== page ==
In a previous article I argued that dry bulk shipping had hit bottom and should begin to move up on better balance between supply and demand. Dry bulk shipping rates have soared in recent days. As a result in the last month Dryships (NASDAQ:DRYS) and Safe Bulkers (NYSE:SB) are up 50%, Navios Maritime (NYSE:NM) is up 30% and Diana Shipping (NYSE:DSX) is up 20%. There is some profit taking today. Is it time to take profits? Dry bulk shipping shares are highly correlated with shipping rates. It is very important to understand the seasonal patterns in shipping rates.
Some of the biggest seasonal effects on dry bulk shipping are weather related. Dryships in its annual report states that the seasonal pattern is "stronger in fall and winter in anticipation of stronger consumption of coal and other raw materials in the northern hemisphere during the winter months." Furthermore, the monsoon rains disrupt Indian trade from June to September. This year's monsoon is nearly over. Rain in Brazil disrupts trade from December to March. Iron ore production is particularly affected and exports usually increase in q2 or q3. December through March also can suffer from weakness due to low temperatures in China and rain in Australia. Australian iron exports in February 2013 were 16% less than in December. Brazilian iron exports in February were 25% less than in December.
The other major seasonal factor is grain. South American grain is primarily shipped in the spring and North American grain is shipped in the fall. Grain exports were down last year but grain should be up this year. The North American grain crop is good this year despite a little late weakness and demand in China is strong.
There is talk of seasonal patterns in steel. Perhaps there is some seasonality in iron ore stocking but if you look at data world steel production seems fairly steady and the variation somewhat random.
So in the winter demand for dry bulk shipping is at its low point as North American grain shipments end and rain in Brazil and Australia reduce iron ore supply. Demand picks up a bit in the spring with South American grain shipments and then falls in the summer when South American grain shipments tail off and the monsoons hit India. In fall North American grain shipments begin and the Indian monsoon season ends. Shipping rates typically peak in October and November with good weather and strong grain and coal shipments.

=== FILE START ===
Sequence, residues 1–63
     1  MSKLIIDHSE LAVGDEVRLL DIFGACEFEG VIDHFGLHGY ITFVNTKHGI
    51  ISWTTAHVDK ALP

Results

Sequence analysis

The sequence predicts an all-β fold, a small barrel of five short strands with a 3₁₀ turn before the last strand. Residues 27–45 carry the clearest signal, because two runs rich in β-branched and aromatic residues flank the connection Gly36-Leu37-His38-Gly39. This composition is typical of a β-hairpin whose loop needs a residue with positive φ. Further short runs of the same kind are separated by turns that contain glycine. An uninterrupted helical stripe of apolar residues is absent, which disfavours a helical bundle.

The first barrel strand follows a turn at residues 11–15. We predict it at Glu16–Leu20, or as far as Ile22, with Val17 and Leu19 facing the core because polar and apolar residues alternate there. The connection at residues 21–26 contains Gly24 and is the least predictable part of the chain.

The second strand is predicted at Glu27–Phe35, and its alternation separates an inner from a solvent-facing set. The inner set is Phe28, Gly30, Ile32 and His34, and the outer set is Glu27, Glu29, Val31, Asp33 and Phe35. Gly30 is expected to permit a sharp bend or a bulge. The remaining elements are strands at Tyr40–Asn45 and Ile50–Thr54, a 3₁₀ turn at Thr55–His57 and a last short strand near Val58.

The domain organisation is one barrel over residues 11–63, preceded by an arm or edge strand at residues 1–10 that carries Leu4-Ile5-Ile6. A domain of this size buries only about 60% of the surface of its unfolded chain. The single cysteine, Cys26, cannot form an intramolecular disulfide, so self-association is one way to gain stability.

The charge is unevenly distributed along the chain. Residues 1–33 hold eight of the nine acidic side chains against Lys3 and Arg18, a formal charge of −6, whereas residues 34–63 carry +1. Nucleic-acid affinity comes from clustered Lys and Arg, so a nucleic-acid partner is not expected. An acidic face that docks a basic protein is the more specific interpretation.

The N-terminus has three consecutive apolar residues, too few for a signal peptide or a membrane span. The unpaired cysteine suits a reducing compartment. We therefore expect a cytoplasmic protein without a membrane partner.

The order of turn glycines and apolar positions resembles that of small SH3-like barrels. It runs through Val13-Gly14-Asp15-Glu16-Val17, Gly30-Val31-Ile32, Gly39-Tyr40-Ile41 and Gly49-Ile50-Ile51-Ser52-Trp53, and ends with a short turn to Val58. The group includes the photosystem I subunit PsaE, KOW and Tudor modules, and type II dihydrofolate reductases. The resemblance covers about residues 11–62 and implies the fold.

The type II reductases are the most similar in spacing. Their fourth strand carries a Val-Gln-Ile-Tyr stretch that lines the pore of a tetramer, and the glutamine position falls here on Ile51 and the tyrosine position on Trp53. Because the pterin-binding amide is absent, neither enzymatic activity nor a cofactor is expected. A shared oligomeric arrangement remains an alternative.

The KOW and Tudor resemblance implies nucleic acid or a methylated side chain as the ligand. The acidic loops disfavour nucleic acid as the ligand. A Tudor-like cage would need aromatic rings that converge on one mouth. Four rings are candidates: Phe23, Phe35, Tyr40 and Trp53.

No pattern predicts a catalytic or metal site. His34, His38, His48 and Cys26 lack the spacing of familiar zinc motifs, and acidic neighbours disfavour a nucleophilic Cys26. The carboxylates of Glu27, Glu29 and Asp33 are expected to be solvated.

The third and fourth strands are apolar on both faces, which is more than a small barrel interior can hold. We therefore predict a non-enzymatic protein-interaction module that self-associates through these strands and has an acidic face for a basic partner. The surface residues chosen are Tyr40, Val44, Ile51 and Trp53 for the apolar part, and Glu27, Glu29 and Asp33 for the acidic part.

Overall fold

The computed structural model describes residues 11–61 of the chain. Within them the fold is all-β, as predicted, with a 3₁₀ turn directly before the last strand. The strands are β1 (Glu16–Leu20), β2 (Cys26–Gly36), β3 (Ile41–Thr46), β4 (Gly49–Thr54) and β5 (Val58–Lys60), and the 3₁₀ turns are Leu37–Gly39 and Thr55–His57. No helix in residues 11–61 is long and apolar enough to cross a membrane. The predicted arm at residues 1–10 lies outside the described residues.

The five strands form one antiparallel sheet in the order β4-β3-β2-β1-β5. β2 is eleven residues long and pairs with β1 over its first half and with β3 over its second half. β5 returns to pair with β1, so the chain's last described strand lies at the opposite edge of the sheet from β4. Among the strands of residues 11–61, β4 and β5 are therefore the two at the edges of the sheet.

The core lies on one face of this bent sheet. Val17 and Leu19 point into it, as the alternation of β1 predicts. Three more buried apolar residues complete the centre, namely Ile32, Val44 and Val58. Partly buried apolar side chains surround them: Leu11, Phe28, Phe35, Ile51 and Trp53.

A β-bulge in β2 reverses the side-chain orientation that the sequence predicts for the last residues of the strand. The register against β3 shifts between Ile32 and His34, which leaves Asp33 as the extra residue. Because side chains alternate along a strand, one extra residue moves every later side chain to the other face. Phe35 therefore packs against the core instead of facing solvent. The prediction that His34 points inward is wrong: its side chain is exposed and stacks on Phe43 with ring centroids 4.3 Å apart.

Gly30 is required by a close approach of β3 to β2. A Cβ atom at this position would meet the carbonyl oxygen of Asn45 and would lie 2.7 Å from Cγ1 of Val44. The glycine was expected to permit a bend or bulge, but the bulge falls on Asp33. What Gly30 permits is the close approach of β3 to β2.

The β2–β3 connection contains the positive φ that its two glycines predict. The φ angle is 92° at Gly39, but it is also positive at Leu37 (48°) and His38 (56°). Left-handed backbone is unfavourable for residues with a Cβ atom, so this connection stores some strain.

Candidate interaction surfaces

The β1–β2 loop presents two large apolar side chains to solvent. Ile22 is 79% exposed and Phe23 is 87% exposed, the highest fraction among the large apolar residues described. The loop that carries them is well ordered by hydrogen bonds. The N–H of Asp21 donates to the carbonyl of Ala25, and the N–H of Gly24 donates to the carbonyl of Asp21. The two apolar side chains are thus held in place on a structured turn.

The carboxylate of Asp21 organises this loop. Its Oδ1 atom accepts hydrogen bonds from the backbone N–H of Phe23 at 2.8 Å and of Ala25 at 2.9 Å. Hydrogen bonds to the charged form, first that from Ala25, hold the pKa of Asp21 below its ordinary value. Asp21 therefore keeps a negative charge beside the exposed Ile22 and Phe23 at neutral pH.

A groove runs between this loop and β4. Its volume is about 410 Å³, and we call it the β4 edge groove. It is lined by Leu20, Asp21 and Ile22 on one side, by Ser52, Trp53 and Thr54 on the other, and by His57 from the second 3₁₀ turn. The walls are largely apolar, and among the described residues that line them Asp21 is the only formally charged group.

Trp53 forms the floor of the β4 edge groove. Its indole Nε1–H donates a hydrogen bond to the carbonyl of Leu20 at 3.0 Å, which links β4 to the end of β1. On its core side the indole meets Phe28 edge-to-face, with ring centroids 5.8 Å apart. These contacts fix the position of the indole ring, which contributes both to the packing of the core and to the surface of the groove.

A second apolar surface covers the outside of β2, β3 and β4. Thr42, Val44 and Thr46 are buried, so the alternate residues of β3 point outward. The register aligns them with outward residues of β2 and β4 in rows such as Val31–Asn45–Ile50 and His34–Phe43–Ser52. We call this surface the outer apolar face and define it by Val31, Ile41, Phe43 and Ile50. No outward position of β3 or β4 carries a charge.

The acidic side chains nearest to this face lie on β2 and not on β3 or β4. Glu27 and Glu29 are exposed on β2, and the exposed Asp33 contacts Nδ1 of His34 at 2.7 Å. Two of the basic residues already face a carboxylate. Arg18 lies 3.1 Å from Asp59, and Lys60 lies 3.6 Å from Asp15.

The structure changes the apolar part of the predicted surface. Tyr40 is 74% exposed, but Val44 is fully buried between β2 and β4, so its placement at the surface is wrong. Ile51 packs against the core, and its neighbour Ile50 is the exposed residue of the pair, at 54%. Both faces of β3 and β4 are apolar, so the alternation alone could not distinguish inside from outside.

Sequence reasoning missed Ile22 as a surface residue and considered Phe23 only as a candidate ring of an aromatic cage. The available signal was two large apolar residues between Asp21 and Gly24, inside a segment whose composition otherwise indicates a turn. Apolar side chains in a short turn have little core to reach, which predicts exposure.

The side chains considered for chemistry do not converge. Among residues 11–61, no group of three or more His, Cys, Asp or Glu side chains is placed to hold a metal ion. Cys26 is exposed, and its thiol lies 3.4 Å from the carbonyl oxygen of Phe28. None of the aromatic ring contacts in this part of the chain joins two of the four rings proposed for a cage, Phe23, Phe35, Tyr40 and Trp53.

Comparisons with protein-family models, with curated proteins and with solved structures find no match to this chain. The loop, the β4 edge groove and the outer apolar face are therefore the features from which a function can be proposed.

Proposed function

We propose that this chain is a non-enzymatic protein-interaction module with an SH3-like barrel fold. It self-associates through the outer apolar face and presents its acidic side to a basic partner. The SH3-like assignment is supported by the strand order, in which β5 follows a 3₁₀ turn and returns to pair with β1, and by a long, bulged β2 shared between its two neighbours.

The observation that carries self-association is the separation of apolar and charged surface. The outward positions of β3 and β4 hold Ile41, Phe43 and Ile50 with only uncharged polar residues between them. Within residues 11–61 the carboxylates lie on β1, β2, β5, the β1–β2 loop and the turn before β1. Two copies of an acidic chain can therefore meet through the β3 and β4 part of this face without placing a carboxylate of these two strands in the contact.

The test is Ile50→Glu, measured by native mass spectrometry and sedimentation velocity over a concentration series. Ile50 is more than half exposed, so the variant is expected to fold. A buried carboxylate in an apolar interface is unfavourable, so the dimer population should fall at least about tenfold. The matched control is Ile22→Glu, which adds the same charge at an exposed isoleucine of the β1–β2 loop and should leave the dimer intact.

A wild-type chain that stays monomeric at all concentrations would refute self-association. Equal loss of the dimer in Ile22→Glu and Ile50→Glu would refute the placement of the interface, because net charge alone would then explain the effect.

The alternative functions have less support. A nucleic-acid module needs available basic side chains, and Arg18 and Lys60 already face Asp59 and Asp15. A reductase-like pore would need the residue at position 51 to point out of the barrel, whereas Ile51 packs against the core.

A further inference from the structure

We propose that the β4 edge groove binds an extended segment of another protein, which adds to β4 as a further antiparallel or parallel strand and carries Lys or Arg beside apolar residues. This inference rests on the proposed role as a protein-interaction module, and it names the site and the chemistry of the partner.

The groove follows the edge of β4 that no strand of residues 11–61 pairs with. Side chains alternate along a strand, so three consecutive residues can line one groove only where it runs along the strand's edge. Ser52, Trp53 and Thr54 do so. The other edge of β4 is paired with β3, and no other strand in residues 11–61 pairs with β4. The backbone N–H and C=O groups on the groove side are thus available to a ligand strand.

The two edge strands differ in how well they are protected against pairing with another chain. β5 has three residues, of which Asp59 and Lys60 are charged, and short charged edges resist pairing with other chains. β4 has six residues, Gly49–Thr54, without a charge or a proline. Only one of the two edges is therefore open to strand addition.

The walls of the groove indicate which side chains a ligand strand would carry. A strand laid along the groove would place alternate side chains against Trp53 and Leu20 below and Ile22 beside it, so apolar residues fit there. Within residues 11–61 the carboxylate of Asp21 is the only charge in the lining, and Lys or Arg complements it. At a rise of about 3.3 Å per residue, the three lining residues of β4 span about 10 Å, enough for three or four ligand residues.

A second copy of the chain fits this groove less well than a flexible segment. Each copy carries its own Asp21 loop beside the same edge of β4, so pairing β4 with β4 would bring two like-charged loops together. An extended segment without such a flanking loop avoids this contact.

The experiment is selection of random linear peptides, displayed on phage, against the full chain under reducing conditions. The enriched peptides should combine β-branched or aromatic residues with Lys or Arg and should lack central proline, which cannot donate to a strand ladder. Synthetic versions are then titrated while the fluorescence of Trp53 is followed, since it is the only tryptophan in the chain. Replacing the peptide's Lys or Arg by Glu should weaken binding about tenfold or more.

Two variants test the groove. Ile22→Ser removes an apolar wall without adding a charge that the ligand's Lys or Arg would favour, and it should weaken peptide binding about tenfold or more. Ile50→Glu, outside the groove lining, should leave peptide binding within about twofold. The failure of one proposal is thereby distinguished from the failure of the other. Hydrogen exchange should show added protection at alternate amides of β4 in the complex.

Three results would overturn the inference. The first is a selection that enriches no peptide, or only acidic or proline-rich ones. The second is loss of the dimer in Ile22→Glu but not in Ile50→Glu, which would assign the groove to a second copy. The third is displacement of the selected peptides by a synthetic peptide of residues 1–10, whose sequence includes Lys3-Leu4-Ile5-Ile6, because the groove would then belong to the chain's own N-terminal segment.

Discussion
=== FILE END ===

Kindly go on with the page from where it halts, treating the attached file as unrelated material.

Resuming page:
These seasonal effects are usually quite large. In 2012 the Baltic Dry Index (BDI) rose 67% from September 22 to November 28. In 2011 the BDI rose 72% from August 2 to October 17. The average increase from the end of August to the end of November from 2002 to 2012 was 35% (excluding 2012 when the BDI plummeted in the fall). The average increase from the summer trough to winter peak from 2002 to 2012 was 88% (excluding 2008). In the winter the BDI usually drops 20% from the end of November to the end of January and 33% from the fall peak to the winter trough.
Shipping rates do sometimes peak in September. It happened in 2010. However, I expect the BDI to continue to rise into October. Recent increases in capesize rates are primarily due to strong demand in China for iron ore. We are just beginning the North American grain export season. US bulk agricultural shipments typically are 30% higher in October over September. Increased grain shipments should help panamax rates.
As to which companies I prefer I like DRYS, SB and NM. Mitsui OSK has the best capesize exposure but it is too difficult to trade in the US. Navios Maritime Partners (NYSE:NMM) price has been supported by its high dividend so it has not participated in the rally. DSX is a good conservative choice. I do not like Genco Shipping (GNK) as it is heavily in debt and facing possible bankruptcy.
I have taken some profits with these rapid increases in dry bulk shipping but I have hung onto most of my shares. I am expecting a few more weeks of rising shipping rates. I plan on taking further profits in October closer to peak rates and possibly buying back shares in January or February on seasonal weakness. However, I will maintain a large position as I expect continued strength in dry bulk shipping in 2014 as the global economy continues to recover. I don't expect a huge surge in newbuildings since dry bulk shipping profits are still low and in any event it takes 18 months to build a dry bulker.
Additional disclosure: I have taken some profits in DRYS in the last week.